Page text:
Your question about the economy probably needs a more detailed answer. Keep in mind that my focus is marketing and things may be different for technical recruiting here at Microsoft. Just some insight into what I have seen since I joined Microsoft (in the Summer of 99)…during the dotcom boom, many people were focused on working for start-ups. That created a lot more competition for talent in the market. So this made recruiting more challenging, really, for all larger companies as less candidates were applying for their positions. A lot of these start-ups hired MBAs, as do we for marketing roles. Candidates had more choices which I think is a good thing. At that time, our roles in recruiting were about marketing Microsoft as an employer to candidates in the market and seeking out candidates. As the economy changed and dotcoms became less attractive (not saying they aren’t attractive, just that there were less available job openings in this space), the larger companies were getting more applicants. That’s when the role of the recruiter changed to being more about managing volumes of resumes and applicants and evaluating skills. To some extent, I think that is where the economy is right now. But keep in mind, that as a company, Microsoft is really focused on hiring the BEST talent. Sometimes those folks are applying to our open positions (via our career site, job postings, etc.) and sometimes they are perfectly happy in their current positions, worried about conducting an active job search in this economy or maybe just starting to think about making a move. This is why we have people at Microsoft in Talent Scout roles. We are responsible for knowing or finding out who the BEST candidates are in the industry in general and for specific positions we have open. To use an anthropological analogy, to stay competitive, we have to be both hunters and gatherers. You can get great candidates either way, but as a company you have to be prepared to do both.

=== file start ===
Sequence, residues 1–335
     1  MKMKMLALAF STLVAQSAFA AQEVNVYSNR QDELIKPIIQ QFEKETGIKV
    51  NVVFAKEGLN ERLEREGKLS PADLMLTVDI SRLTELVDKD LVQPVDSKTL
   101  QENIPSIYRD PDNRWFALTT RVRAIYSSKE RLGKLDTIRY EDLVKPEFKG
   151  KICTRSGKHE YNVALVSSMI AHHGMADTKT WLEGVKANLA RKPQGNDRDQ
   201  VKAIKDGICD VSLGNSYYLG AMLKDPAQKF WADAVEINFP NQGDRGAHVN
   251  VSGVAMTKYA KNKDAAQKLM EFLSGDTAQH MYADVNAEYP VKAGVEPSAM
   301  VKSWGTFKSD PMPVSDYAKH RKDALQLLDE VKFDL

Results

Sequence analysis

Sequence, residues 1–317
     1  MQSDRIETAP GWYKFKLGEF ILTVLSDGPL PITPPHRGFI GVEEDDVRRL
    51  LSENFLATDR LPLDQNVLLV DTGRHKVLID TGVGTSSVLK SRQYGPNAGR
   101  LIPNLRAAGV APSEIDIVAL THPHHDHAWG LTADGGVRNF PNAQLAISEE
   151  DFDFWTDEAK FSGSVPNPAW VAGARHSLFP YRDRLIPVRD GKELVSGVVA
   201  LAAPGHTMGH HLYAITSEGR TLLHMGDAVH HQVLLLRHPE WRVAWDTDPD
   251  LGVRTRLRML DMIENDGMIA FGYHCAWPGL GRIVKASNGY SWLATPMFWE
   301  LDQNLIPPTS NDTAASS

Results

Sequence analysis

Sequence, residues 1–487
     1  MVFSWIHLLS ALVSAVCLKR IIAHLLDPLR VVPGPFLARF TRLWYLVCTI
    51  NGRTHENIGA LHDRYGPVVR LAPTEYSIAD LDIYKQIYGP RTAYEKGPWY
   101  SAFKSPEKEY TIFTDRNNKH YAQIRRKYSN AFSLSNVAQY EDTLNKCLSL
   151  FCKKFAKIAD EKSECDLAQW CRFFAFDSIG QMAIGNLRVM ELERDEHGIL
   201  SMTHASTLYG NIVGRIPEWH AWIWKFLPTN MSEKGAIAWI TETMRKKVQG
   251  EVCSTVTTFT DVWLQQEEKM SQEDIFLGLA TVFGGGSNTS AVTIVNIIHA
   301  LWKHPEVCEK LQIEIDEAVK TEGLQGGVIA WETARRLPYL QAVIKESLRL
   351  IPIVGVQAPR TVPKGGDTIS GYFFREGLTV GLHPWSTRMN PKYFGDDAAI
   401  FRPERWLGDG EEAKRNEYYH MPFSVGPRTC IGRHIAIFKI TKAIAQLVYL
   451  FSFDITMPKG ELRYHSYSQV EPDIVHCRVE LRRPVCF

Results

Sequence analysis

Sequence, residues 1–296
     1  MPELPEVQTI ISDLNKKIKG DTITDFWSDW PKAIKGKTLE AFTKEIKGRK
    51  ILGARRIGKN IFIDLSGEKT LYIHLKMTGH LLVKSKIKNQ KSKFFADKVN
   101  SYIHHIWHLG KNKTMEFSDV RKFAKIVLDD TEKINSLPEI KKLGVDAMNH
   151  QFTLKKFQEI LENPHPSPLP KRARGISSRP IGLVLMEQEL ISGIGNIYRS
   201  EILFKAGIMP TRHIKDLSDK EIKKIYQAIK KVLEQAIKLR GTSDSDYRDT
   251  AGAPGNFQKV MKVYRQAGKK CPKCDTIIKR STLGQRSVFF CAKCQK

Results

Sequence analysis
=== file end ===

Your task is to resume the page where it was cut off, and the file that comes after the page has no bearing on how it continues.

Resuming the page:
Question: What are the possibilities (and also probabilities) that an international candidate would get hired from Microsoft in Redmond? Specifically considering things like green cards, visas, etc.